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2014
Touchpoint

Advertising on Review Sites

Posted by Touchpoint Aug 27, 2014

Review_Site_Advertising_body.jpgBy Jennifer Shaheen.


Yelp and Angie’s List are familiar names to today’s small business owners. The customer reviews collected on these sites can make or break your company, a fact that leaves independent retailers, restaurant owners, and service providers agonizing over how they can boost their ratings—particularly when Yelp actively discourages business owners from soliciting positive reviews.


Yet advertising is one tool available to small business owners to increase their visibility on review sites. It’s important to understand how critical advertising is to a review site’s profitability: Reuters reports that three-quarters of Yelp’s revenue comes from local advertising; for Angie’s List, the number is closer to 70 percent.


Jeremy Stoppelton, the founder of Yelp, insists that reviews on the site are in no way influenced by the fact that his company is almost entirely supported by advertising. In a recent Reddit AMA (an internet discussion forum where users are invited to ask guests anything) Stoppelton said: “There has never been any amount of money you could pay us to manipulate reviews. We do have an algorithm that highlights the most useful and reliable reviews on our site which is about 75 percent of contributed content.”


The benefits of advertising on review sites

Small business owners that advertise on Yelp are offered a range of marketing services, including having targeted ads appear on in-site search results pages; placement of an advertisement on a competitor’s profile page; and the removal of competitor’s ads from your own business’ profile page. Advertisers have more space to display sales collateral materials, including photo galleries, videos, and call to action buttons.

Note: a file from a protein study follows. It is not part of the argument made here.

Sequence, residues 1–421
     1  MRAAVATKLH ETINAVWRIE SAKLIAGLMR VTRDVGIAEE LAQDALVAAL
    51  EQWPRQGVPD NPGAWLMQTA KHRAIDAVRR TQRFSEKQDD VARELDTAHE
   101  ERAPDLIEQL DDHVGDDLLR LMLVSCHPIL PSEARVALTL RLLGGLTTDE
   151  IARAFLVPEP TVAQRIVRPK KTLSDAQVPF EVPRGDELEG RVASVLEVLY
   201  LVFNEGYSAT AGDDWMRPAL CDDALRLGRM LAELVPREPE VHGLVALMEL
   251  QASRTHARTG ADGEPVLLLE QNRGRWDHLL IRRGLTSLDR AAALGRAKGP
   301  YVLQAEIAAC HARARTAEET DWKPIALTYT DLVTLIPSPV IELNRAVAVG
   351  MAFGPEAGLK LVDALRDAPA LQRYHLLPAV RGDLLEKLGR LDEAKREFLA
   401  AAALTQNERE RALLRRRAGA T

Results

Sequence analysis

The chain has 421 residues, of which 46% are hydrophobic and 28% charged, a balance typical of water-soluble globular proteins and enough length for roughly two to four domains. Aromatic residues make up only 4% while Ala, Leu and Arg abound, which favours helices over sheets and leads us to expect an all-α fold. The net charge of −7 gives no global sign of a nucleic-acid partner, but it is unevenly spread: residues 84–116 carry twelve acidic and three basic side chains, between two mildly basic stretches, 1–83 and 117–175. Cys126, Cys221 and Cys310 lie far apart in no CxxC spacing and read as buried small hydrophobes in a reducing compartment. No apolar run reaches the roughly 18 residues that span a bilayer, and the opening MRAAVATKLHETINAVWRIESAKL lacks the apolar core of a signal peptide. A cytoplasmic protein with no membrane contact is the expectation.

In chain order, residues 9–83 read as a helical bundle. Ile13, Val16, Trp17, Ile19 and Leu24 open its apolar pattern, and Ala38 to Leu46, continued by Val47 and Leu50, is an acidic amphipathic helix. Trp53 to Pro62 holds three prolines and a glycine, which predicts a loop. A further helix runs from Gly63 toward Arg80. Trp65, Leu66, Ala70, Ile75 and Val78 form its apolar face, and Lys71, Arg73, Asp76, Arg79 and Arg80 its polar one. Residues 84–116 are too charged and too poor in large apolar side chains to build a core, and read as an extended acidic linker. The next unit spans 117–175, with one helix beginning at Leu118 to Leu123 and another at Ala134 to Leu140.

Review_Site_Advertising_PQ.jpg“Businesses that depend on their local communities for their business—service providers, restaurants, home improvement companies, and the like—will  benefit most from advertising on Yelp,” says Roland Lacey, owner of Media Right Technologies, which offers lead generating website design services. “The customers for these services look at the reviews for all the local players before making any decisions about who they’re going to do business with. Advertising gives your company more visibility on the site, and if those ads are well done, you’re increasing the odds that you’re going to get that business.”